The Lumia 1320 is the second device to be announced at Nokia World 2013 and it along with the 1520 packs a 6″ display. Talking in terms of specs, the 720p ClearBlack screen is paired with LTE, an impressive 3,400mAh battery, a 5MP autofocus camera along with a front facing camera, 8GB of internal storage (with microSD expansion). It packs a 1.7GHz dual-core Snapdragon 400 chip along with 1GB of RAM.
At the India launch of the Lumia 1020, I spent some quality time with the new king of smartphone cameras and it is hard to come away without being thoroughly impressed with what Nokia has been able to cram into a ‘fairly’ slim device. Pricing concerns aside, the sheer power of the 41 megapixel sensor is felt the moment you pick the device up. Since the phone has a mechanical shutter, you can hear and feel the shutter open everytime you launch the camera. It is a very subtle sound, but one that manages to resonate power.
Unlike the Lumia 920, the 1020 features a matt finish that looks and feels premium. I liked the glossy finish of the 920, so I wasn’t entirely convinced about how the matt finish would pan out, but Nokia’s somehow managed to make it feel even nicer. In the video below I go over the hardware, compare it to the Lumia 925, take a look at the Pro Camera application and play around with the camera grip accessory that Nokia will be selling alongside the 1020 – among other things.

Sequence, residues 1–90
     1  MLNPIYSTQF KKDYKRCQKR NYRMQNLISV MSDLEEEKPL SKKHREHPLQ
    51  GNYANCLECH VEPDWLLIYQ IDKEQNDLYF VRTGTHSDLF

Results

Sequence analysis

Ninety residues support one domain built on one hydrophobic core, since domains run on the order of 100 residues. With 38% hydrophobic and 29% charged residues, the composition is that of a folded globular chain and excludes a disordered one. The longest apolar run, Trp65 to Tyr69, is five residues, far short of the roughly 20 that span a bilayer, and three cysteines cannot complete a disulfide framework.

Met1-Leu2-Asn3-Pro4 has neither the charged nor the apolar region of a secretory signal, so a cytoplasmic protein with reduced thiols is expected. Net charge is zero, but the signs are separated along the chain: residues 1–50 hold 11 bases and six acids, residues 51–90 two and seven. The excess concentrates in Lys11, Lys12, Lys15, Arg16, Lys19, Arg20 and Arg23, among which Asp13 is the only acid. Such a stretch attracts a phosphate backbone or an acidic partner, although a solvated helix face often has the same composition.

Have any questions that you’d like answers to? Let me know in the comments section below.
Apple has all sorts of schemes running in India to promote the iPhone 4. You can trade old devices, get it on EMI, make zero down payments and so on. But there are two facts that you cannot get away from, it costs close to 25,000 INR and it will soon be 3 years old. Three years is an eternity in the world of technology, you certainly do not want to be paying that kind of money for a device that will soon be a relic. Yes, it will get iOS 7 but that’s where Apple is so smart. A bland iPhone 4 to get iOS 7 statement doesn’t tell you that a bunch of iOS 7 features will not make it to the iPhone 4. Just as a bunch of iOS 6 features previously hadn’t. E.g. Like it was with iOS 6, you still won’t be able to take panoramas, you’ll get no filters in the camera app, and the real biggie – no AirDrop support. Plus most of the fancy animations and visuals that iOS 7 brings is a no-go too.
Further having recently used an iPhone 4 running iOS 6, I can tell you that you can immediately notice that you’re playing with old hardware. There are lags, the scrolling in apps isn’t smooth, the app launch times are slow and there are random stutters – all in all, its doesn’t feel very Apple anymore. On the other hand it still has its positivities, the 3.5″ retina display, the premium construction and for a lot of people the Apple brand name. But does it make sense to pay something like 25,000 INR for the pleasure of owning an ‘iPhone’? No.
Here’s what you should do. Save yourself 15,000 INR and get a Lumia 520 instead. It costs about 9400 INR, comes in a bunch of colours – red and yellow being my favourites, but there are the more traditional black, white and cyan options too. The colour is an obvious talking point, and not for one second does the device look cheap, if that’s what you’re worried about. Put a 3 year old iPhone 4 on the table and a red Lumia 520 along side it, and guess which is the device that will draw more attention.
Despite having 512 MB of RAM, it is actually smoother than the iPhone. The dual-core processor helps and Windows Phone is very smooth in itself. There may be the odd app that takes a second more to resume, but overall the experience will be much better. Don’t worry too much about the apps. The basics are all there now. Facebook has a good app, so does Twitter, Foursquare, PVR, HDFC, Book My Show and Zomato – all apps I use on an everyday basis. Whats App was recently overhauled too.